MSBuild – Access to the path is denied

The problem:

I was configuring a new build on Bamboo CI server for a ASP.NET application. The solution built locally just fine, but consistently failed on the build server. This was the error:

(BeforeBuild target) -> 
  C:\Bamboo\src\MC-BUILD-JOB1\MyProject.Web\MyProject.Web.csproj(1851,5):
 error : Could not write Destination file: 
Access to the path 'C:\Bamboo\src\MC-BUILD-JOB1\MyProject.Web\Config\AppSettings.config' is denied.

The problem was in the following line:

<TransformXml Source="Config\AppSettings.Base.config" 
              Transform="Config\AppSettings.$(Configuration).config" 
              Destination="Config\AppSettings.config" />

So basically the TransformXml task was failing because the file Config\AppSettings.config was checked out as read-only in the build server.

Fortunately there is an easy workaround. The trick is to apply the XML transformations to a temp file and then use the Copy task with the OverwriteReadOnlyFiles attribute set to “True” to overwrite the file Config\AppSettings.config:

<TransformXml Source="Config\AppSettings.Base.config" 
              Transform="Config\AppSettings.$(Configuration).config" 
              Destination="Config\AppSettings_temp.config" />
<Copy SourceFiles="Config\AppSettings_temp.config" 
      DestinationFiles="Config\AppSettings.config" 
      OverwriteReadOnlyFiles="True" />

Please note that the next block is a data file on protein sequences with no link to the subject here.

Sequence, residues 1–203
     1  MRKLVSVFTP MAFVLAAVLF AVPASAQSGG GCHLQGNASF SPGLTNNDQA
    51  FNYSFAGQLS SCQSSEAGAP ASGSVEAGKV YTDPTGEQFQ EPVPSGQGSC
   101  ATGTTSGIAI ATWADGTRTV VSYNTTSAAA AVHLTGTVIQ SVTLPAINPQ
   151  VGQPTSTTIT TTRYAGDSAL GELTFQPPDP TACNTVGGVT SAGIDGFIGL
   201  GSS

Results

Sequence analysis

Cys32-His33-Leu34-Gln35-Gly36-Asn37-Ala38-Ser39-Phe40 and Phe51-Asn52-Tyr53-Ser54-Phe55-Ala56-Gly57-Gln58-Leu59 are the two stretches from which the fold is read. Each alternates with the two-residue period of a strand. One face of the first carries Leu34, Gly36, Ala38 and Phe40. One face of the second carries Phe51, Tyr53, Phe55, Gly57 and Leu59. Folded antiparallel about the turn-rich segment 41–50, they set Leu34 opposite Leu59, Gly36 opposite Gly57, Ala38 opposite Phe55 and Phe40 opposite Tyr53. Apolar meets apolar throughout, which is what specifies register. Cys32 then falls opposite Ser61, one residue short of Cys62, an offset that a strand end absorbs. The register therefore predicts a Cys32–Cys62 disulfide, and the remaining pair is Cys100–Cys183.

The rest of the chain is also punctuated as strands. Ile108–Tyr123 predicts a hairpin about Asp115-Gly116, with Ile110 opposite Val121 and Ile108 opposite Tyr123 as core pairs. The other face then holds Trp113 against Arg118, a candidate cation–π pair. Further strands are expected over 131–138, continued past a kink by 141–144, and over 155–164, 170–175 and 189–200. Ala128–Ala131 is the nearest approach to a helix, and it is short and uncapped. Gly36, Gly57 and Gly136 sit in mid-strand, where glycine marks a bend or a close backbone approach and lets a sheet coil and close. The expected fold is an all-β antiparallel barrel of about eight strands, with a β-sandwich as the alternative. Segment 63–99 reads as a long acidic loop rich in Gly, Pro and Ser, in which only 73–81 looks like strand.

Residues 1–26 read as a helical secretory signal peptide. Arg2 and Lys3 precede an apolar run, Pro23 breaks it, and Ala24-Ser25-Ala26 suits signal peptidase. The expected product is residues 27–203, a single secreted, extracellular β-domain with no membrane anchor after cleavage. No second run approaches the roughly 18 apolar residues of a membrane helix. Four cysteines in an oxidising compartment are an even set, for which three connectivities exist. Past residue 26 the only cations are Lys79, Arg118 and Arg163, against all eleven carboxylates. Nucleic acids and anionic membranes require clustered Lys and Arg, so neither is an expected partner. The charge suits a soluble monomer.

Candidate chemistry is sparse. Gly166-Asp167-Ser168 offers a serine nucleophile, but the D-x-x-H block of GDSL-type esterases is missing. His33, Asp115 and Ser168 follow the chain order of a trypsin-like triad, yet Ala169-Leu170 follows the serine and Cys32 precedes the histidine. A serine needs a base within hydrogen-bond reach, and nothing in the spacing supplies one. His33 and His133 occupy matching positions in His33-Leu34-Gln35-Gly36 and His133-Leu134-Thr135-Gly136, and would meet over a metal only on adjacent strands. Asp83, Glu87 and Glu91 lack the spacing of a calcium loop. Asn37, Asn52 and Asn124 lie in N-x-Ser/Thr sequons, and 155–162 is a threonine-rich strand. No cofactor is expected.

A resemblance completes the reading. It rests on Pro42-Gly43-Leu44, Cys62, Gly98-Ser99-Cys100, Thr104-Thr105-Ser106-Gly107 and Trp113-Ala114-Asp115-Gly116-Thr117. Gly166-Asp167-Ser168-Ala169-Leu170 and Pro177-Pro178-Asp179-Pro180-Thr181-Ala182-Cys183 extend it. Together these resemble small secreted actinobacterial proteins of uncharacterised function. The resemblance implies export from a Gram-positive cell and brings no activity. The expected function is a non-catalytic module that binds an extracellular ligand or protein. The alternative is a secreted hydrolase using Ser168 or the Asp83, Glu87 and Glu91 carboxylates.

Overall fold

<Delete Files="Config\AppSettings_temp.config" />
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Powershell scripts running on Bamboo don’t return the correct exit code

As part of an deployment project on Bamboo CI, I was running a powershell script to deploy an ASP.NET application to a Cloud Service on Azure.

Even though there was an error executing the script, Bamboo was setting the status of the Deployment to Success. Why? Because the exit code returned by the powershell script is always 0 (zero means successful execution).

After some research I was able to find a way to return the correct exit code in case of failure. I added the following lines to the top of my powershell script:

trap
{
    write-output $_
    exit 1
}

The trap statement includes a list of statements to run when a terminating error occurs – in this case, every time an error occurs the error message will be displayed and then the script will return a correct exit code indicating a failure. I am returning 1 but any value different from 0 (zero) will do the trick 🙂